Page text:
not settle down when our dollar was $US1.35. So really, a house for a million is only worth half that in universal money.

    • 0

      Mariner, $5m > $1m pensioners. A progressive land tax would recognise the difference.

  8. 0

    I started an apprentiship getting $ 15 a week and worked shift work for 30 years to provide for my family, I only had super for 20 years , but now they want to have a bite at our homes.GOOD LUCK .These overpaid bureaucrats live with there heads in the clouds and can’t see how workers have worked all there lives… Go have a latte Professor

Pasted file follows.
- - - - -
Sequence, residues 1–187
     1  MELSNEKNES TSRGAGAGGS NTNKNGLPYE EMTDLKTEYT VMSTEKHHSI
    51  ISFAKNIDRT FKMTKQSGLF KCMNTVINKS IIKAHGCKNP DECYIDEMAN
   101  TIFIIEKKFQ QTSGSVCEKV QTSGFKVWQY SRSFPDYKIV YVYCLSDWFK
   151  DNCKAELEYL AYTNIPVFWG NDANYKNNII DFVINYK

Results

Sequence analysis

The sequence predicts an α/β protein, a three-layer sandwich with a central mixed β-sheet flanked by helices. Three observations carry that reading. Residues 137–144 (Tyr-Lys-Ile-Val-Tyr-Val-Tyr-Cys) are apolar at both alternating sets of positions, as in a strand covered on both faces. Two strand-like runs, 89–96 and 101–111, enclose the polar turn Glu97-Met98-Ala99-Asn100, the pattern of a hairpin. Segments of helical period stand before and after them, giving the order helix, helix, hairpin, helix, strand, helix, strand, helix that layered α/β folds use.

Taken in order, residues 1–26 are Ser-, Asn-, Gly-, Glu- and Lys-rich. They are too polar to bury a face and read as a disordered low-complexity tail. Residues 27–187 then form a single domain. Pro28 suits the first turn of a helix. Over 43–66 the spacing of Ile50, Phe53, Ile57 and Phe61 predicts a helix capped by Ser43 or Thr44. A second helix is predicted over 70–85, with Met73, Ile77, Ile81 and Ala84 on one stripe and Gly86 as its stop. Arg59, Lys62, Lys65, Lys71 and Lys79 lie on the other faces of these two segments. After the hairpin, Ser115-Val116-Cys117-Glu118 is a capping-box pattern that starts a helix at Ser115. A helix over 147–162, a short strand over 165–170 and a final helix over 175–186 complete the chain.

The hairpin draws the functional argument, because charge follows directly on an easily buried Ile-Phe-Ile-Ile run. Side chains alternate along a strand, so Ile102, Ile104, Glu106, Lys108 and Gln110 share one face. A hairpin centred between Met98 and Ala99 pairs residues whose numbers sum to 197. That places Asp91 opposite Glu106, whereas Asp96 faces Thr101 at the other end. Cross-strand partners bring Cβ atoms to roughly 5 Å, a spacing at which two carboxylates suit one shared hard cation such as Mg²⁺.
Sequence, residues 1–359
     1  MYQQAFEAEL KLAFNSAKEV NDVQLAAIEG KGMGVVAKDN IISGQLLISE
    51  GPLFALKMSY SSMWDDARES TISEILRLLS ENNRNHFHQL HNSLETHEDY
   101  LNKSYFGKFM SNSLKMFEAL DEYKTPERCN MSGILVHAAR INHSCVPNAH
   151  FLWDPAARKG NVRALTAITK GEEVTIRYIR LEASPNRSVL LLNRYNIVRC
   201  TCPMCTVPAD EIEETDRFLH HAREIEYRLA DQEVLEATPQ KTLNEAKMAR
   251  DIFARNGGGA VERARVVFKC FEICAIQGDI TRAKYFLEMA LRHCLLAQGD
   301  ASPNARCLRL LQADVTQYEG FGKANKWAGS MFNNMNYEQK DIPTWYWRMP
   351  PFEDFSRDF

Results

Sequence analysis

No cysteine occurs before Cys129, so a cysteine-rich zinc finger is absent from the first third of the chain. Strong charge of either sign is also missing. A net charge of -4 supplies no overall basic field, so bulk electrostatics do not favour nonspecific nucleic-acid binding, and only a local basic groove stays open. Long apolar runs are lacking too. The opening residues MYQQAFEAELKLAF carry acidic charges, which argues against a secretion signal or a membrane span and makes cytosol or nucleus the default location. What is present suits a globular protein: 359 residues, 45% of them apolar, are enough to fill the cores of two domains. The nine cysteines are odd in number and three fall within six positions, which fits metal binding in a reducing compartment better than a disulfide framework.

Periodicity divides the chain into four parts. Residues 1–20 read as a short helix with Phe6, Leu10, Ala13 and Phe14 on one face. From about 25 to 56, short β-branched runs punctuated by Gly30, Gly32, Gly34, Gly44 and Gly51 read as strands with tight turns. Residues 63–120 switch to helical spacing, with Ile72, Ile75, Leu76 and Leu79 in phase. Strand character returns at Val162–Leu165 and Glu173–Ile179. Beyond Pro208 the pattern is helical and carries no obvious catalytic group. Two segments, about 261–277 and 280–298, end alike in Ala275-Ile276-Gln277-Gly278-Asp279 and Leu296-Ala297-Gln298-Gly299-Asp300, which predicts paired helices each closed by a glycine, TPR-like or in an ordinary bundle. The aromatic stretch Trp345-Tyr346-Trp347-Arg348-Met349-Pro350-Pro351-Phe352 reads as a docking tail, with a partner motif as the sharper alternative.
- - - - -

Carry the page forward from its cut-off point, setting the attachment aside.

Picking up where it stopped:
9. 0

    More university academic garbage. As if we’re not fed up with universities making money out of foreign (Chinese) students – when their true role is to properly educate young Australians as opposed to the current indoctrination methods. Yes research too – but what’s written here is obviously a form of madness known only to extreme, barrow-pushing socialists. It advocates a tax on the family home – a perfect disincentive to strive for comfort and financial security in old age, in addition it’s a recipe for old-age poverty. Your Life Choices – try to find some writers more representative of the wider community. Your readership would likely improve – with concomitant increase in advertising revenue. Oh, did I say advertising revenue? Private enterprise revenue? Some outfits would prefer to keep pushing the unworkable and unwanted, rather than seriously look sideways for mainstream opinion. Such a pity.

    • 0